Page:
what is #corecore?


art by marina di franco

You’ve probably heard of the cores. Whether it be cottagecore, angelcore, Barbiecore or balletcore, the -core suffix has come to serve as a means of self-identification. We follow these trends to fit into an aesthetic to make our lives and identities seem prettier and more put together. But after trends gain traction, they die out, leaving us searching for the next micro-trend to be over consumed and oversaturated. This cycle, exacerbated by social media, is exhausting, and Gen Z is tired of keeping up. They’ve come up with a solution that’s entirely unique, even coined “the core to end all cores”: corecore. 

Corecore started in July 2022 and exists primarily on TikTok but is also seen on other social media platforms. The point of corecore tagged videos is to elicit some sort of catharsis from viewers and serve as a therapeutic vice for how social media has disordered our brains. Usually they carry anti-capitalist sentiment and reject how modern life is creating an unfeeling and technologically dependent generation. Kiernan Press-Renolds describes how corecore has created a community among people searching for “a quick heart-flutter of relation” and make people feel less alone.


At first, corecore videos may seem like a random, haphazard compilation of clips, but Reynolds states that they’re meant to appear as “short rapidfire montages,” or a “jumble of recognizable signifiers with a poignant tune.” 


Sophomore fashion merchandising student Sohaela Rojas described how at first, the videos took her by surprise and seemed out of place with the other TikTok videos on her feed. But after she watched more and more, she started to feel what the trend was about. They’re Gen Z’s audiovisual version of a collage or mixtape, and their purpose is to make you feel


“Corecore encompasses the TikTok community, and all of our shared experiences on the app are represented by the trend,” Rojas said.


Almost as an artful response to our shared trauma, many corecore video creators initially made their videos as a personal reaction to the stark realities of modern life. Eventually, they realized their creations actually resonated with people and helped life make more sense.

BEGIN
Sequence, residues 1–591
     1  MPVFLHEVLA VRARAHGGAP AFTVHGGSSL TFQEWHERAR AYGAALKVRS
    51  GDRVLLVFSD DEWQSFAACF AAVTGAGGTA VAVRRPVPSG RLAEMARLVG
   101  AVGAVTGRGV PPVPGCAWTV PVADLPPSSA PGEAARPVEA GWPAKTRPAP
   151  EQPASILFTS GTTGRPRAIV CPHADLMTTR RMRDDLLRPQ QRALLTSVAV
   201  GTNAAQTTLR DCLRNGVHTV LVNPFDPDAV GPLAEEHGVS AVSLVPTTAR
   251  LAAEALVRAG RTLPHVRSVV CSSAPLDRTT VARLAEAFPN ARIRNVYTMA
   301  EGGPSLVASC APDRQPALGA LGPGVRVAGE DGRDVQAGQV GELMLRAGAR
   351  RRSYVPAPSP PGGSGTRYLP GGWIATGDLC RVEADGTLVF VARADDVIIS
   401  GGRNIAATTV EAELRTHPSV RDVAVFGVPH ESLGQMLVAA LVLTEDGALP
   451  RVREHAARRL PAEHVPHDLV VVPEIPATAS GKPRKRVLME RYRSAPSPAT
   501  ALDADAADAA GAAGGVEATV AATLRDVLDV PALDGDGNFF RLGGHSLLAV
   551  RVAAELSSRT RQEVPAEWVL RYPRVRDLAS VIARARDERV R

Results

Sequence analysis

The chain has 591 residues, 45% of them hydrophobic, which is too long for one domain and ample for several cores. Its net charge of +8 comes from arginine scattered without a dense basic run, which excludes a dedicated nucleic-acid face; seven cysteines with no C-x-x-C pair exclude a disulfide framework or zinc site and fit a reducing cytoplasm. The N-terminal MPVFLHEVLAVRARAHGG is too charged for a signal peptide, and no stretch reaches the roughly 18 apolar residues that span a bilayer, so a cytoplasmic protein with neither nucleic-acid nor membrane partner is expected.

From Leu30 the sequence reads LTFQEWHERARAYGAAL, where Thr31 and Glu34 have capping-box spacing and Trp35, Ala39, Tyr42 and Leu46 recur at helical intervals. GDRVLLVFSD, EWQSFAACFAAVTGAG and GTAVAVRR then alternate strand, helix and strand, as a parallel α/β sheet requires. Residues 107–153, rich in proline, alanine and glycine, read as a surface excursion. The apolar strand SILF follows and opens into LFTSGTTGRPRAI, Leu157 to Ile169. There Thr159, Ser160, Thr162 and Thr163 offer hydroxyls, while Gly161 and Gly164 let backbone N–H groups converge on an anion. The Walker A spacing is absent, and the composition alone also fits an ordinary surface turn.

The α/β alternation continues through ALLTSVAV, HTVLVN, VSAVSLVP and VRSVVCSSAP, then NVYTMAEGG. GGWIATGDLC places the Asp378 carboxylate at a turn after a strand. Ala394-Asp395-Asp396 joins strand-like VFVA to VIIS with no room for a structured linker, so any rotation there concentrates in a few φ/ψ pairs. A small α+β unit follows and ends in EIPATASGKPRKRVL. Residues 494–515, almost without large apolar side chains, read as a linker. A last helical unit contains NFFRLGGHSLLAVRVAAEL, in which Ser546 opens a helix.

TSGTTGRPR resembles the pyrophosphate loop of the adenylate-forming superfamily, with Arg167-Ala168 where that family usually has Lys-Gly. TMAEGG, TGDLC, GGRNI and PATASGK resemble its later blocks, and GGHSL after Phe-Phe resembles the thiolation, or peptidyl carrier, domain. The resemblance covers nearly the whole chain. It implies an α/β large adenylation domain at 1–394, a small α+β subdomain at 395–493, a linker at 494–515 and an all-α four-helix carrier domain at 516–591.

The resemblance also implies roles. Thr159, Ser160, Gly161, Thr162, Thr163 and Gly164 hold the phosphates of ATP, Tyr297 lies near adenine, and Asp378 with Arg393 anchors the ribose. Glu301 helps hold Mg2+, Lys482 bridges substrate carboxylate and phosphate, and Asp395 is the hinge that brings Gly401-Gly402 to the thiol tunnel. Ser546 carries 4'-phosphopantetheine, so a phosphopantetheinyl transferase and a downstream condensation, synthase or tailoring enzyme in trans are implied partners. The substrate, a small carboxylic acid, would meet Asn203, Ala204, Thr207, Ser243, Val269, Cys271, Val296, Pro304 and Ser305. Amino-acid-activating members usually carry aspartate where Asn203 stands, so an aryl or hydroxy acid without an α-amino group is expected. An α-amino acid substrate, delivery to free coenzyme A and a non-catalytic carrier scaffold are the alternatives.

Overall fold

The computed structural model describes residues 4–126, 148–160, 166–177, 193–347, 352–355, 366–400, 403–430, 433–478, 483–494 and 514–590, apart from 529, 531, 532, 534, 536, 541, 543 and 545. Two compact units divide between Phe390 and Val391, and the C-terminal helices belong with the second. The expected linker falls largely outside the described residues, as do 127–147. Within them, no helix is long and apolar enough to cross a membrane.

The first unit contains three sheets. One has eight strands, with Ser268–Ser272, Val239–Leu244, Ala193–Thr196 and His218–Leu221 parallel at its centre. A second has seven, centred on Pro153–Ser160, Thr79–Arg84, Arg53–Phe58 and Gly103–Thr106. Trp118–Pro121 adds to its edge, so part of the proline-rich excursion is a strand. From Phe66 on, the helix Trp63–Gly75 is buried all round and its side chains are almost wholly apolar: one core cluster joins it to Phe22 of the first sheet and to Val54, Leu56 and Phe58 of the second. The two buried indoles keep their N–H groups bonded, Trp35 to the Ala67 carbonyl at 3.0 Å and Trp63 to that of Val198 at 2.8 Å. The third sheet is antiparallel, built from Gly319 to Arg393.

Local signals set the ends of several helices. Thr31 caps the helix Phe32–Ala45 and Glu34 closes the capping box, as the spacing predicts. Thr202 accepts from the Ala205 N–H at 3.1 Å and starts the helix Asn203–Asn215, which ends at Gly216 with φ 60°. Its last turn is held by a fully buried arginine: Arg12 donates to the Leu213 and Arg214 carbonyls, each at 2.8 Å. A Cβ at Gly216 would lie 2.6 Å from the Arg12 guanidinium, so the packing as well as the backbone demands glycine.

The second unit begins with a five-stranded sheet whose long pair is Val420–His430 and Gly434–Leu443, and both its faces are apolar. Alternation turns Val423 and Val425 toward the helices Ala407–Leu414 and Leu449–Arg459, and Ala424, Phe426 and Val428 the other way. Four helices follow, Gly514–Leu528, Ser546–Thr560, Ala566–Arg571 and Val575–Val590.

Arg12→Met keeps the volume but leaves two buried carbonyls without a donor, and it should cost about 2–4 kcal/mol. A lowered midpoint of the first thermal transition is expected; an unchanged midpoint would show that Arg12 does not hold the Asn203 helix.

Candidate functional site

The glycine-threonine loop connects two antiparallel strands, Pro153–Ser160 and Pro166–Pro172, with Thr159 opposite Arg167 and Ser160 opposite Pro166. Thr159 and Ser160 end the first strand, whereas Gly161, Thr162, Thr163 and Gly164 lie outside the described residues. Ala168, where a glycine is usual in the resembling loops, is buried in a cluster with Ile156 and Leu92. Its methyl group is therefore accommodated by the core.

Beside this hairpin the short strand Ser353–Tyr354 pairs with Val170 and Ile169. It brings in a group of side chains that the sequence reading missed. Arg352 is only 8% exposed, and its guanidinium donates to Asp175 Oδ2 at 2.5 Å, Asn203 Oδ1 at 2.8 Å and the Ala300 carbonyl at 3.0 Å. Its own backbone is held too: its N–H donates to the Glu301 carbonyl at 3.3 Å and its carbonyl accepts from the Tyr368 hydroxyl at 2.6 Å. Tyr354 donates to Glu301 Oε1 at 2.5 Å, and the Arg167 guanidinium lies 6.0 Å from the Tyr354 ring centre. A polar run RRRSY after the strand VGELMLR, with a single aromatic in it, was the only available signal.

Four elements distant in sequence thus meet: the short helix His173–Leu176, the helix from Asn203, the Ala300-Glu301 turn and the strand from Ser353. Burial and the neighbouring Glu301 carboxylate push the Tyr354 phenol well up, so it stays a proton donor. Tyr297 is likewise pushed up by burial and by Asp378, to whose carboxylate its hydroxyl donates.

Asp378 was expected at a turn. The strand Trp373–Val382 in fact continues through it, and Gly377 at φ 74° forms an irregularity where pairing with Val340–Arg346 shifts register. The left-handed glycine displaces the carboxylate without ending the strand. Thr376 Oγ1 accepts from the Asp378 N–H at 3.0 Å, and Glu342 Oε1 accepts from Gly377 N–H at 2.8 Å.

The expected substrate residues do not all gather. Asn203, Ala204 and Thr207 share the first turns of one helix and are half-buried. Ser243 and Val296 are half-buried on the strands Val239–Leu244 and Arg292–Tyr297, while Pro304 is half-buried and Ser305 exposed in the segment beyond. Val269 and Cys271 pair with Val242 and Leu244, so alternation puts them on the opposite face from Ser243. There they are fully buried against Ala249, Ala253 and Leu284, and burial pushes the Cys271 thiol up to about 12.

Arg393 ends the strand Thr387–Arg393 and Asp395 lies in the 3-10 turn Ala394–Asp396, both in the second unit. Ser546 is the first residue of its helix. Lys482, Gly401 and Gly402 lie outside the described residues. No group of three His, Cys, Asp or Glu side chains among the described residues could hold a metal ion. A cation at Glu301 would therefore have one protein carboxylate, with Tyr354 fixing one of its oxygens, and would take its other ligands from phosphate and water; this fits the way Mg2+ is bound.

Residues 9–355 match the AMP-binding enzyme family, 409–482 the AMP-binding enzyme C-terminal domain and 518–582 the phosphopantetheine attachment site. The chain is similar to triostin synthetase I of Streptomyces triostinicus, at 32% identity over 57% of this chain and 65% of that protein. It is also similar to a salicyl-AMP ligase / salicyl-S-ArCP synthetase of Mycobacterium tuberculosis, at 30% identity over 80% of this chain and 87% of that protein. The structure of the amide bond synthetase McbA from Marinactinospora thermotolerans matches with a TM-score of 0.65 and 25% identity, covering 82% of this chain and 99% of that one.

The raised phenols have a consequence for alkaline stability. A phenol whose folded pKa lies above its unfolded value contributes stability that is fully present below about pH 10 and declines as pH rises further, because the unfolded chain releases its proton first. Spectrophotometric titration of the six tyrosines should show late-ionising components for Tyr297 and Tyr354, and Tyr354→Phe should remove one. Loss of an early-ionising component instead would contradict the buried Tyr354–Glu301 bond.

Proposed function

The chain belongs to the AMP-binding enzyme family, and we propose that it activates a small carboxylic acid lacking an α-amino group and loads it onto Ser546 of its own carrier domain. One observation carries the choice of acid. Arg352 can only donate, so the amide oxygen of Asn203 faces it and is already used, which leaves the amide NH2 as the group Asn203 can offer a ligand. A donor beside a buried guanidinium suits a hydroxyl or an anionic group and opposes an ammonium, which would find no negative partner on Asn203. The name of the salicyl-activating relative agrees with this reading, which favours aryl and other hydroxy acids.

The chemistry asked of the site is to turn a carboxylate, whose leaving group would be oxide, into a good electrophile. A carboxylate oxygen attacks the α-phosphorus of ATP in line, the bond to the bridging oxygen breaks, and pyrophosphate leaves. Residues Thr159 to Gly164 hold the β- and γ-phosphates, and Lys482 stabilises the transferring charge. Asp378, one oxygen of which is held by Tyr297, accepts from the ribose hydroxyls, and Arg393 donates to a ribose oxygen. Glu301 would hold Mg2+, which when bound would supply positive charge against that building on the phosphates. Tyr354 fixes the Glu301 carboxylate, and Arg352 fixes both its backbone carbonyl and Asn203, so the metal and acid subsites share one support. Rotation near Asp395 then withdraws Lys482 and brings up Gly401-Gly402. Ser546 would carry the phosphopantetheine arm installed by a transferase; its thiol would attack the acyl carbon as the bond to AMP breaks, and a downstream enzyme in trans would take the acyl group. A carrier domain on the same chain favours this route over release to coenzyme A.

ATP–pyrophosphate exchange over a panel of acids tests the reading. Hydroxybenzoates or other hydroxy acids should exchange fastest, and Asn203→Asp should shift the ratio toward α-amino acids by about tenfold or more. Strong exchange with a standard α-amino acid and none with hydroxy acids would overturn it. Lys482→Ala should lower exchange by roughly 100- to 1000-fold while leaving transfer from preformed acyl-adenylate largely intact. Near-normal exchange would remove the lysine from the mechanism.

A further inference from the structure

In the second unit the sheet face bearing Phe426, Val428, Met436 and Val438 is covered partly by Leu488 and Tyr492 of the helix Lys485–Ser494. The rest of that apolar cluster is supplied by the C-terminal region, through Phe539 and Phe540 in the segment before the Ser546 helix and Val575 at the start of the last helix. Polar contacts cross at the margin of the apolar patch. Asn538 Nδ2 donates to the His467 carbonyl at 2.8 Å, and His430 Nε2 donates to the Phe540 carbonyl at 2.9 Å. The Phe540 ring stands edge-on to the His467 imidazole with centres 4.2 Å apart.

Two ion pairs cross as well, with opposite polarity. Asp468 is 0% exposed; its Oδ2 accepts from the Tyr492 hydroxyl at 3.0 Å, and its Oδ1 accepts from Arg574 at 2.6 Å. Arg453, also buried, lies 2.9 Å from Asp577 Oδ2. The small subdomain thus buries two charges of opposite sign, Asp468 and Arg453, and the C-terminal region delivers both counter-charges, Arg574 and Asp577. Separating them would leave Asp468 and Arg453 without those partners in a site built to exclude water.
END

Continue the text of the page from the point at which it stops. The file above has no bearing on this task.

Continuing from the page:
Corecore ironically uses the -core suffix to reject how the term has come to represent a shared aesthetic fueled by today’s trend driven lifestyle. It serves as an anti-trend, and writer Chance Townsend states it was “created out of users’ frustrations of the over-saturation with the concept of ‘-cores’” in his own article for Mashable about the topic. While other trends are eventually run into the ground, corecore seeks to draw out a feeling from viewers that will never go out of style, but writers such as Townsend are beginning to point out that even corecore is “arguably being ruined by its trendiness.”


The best of these videos effortlessly connect unrelated clips to an ultimately larger point like capitalism, overconsumption or environmentalism, but people have started to mock the emotional nature of the videos. Others show a reluctance to engage with the videos intellectually, demonstrating how aesthetic trends are more readily accepted than meaningful ones. Some videos are demonstrating ideas from anti-intellectualism to others containing incel ideologies. One YouTube creator points out he thinks the videos show Gen Z’s obsession with self-pity. He describes how repetitive the videos have become as they use the same music and the same clips to convey the same soulless themes. 

While trend hoppers are beginning to dilute corecore, it hasn’t yet reached its peak or its inevitable decline. Amid the washed out, meaningless videos, people are still creating meaningful videos that capture the existential beauty of the trend. A corecore community still exists and is full of people searching for a life devoid of endless consumption. 


So who knows, maybe these videos are good while they last, or maybe they’ll evolve into something entirely new. Or maybe they’ll end up like all the other trends, somehow turning into their own #corecore video.

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Hi! I’m Catie Pusateri, A Magazine’s editor-in-chief. My staff and I are committed to bringing you the most important and entertaining news from the realms of fashion, beauty and culture. We are full-time students and hard-working journalists. While we get support from the student media fee and earned revenue such as advertising, both of those continue to decline. Your generous gift of any amount will help enhance our student experience as we grow into working professionals. Please go here to donate to A Magazine.